Archived Story

Whose fault is it?

Published 11:09am Friday, September 27, 2013

by Clyde Johnson

Recently a number of articles emerged in The Tidewater News that are relative to the Franklin City Public School System (FCPSS). These articles piqued my interest because I was an educator for several years prior to transitioning into another career. Apparently the FCPSS has an accreditation problem with the State Department of Education. Along with other issues, student performance on standardized test is below the state’s requirement. The number of fully accredited Public Schools in Virginia has dropped from 96 percent in September of 2011 to 77 percent in September of 2013. Per state education officials, this decline is due to the more rigorous test assessment. Perhaps the FCPSS was caught on the slippery slope. Be that as it may, this does not justify poor test performance. How did we get here? Who is the blame? How do we overcome and get back on solid ground?

I believe that any discussion on student performance must include student motivation. This is necessary in order to get a fair assessment of the total situation. My experience in education has led me to understand that there are a variety of factors that feed into developing the innate potentials of individuals. A child does better in school when he is motivated to learn. That is a given. The bulk of this motivation comes from the home. A child is born with innate potentials and five basic senses (seeing, hearing, feeling, smelling, tasting). These senses gather information from his environment that helps him develop his God-given potentials. As a result, a child develops according to what he is exposed to. One coming from a wholesome, loving, caring and discipline environment that prioritizes education is very likely to do well in school. A discipline environment is not one that uses physical confrontation, which may lead to abuse. On the contrary it is an environment that sets expectations and administers consequences if the expectations are not met. A child reared in this type of environment becomes motivated and focused at an early age. This sets the foundation for establishing positive behavior patterns. A child reared in an environment that does not prioritize these attributes is not likely to do as well.

The discipline instilled within a child at an early age will help him discern between right and wrong as his environment expand beyond the boundaries of the home. These values will help keep him focused enough to weather the ills of society. Please understand that I am not suggesting that this is absolutely true in every situation.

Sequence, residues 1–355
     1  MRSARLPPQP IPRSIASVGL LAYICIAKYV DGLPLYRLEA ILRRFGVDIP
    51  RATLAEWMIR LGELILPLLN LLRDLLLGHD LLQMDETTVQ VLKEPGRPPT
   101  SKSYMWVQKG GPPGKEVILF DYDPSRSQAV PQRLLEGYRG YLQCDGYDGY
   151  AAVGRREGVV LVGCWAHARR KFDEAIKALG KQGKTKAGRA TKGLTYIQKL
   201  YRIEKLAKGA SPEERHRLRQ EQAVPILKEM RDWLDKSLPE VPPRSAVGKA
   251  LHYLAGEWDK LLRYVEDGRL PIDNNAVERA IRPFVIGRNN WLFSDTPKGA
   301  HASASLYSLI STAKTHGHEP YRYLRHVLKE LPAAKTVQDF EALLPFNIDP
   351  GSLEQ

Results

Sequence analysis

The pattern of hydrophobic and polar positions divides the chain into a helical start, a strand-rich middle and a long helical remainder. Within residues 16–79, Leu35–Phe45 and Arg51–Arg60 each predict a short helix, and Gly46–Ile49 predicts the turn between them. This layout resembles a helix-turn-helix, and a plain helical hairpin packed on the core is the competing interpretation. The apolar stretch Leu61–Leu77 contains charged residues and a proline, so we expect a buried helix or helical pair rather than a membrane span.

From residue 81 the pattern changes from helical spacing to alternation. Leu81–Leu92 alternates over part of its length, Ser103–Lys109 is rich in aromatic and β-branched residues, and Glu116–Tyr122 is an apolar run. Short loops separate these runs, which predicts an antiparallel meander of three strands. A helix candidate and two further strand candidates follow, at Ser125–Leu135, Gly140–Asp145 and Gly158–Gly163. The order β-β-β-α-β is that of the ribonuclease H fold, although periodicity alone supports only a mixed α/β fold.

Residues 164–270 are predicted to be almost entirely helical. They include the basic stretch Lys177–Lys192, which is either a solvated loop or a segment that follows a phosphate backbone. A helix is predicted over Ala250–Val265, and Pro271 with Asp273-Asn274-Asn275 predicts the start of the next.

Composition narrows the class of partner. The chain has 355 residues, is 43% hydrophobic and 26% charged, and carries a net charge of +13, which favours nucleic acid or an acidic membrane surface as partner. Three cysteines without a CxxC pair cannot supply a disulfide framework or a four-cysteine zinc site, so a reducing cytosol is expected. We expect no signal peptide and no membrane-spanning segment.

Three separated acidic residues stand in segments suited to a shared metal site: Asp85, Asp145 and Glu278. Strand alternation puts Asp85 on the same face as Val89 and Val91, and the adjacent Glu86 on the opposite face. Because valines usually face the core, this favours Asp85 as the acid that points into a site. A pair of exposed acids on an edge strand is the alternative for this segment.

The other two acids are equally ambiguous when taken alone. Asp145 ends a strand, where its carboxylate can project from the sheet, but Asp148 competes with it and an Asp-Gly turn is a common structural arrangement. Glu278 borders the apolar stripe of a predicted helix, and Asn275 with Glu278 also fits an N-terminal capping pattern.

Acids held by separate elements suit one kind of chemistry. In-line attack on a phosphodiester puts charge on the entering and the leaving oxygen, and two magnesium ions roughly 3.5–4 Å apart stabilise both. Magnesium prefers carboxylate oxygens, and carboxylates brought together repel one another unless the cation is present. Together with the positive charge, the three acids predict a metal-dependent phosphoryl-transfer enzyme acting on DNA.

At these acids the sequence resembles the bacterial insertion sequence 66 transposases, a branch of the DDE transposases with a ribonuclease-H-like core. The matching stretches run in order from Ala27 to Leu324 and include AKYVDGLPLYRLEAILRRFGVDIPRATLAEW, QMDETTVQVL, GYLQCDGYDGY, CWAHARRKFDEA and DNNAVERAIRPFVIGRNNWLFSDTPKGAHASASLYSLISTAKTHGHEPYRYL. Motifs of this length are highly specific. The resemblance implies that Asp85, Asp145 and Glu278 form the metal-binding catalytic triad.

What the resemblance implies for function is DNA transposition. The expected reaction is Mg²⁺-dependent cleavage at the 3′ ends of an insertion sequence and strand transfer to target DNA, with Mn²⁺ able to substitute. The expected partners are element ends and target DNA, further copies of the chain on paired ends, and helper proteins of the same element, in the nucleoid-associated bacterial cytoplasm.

There are very few absolutes in life however; most results verify that children experiencing a home environment that prioritizes sound educational principles do better in school.

Because children are different, learning is more challenging for some than others. I think teachers that are better facilitators should be placed with less motivated students. A teacher that is a good facilitator is usually a good motivator.

A well-motivated student requires less facilitating than the one that finds learning more challenging therefore, it stands to reason that a teacher with a good facilitating skill set can promote a higher quality of learning in the less motivated student.

I can recall when there was a group in place called the Parent Teacher Association (PTA). The group was made up of parents and teachers. I don’t know if this association is still in existence or not; however, it played a vital role in bringing the parents and teachers together to address problems and concerns relative to the child.

It served as a good medium for honest and productive discussion between the parents and the teachers. It can also be used for one on one dialogues between the teacher and the parent to address personal issues pertinent to the child.

We did not get where we are overnight therefore, we cannot expect a quick fix to the problem. Along with all other corrective measures, I think the FCPSS should put something in place to profoundly intervene in early childhood education. It is critical that this area is addressed because this is where attitudes, focus, motivation, etc. are formed.

This is where the foundation for learning is set. It is easier to build on a strong foundation than on a shaky one. The best way to correct a problem is to prevent it from occurring in the first place rather than placing blame. Certainly there is enough blame to go around. We may point fingers at the home environment, society, teachers, administrators, or whomever. All of these definitely factor in the FCPSS dismal position.

Franklin, we are better than this. Let’s straighten it out!

CLYDE JOHNSON of Franklin is a retired health physicist of the Norfolk Naval Shipyard, Portsmouth. He can be contacted at 562-4402.

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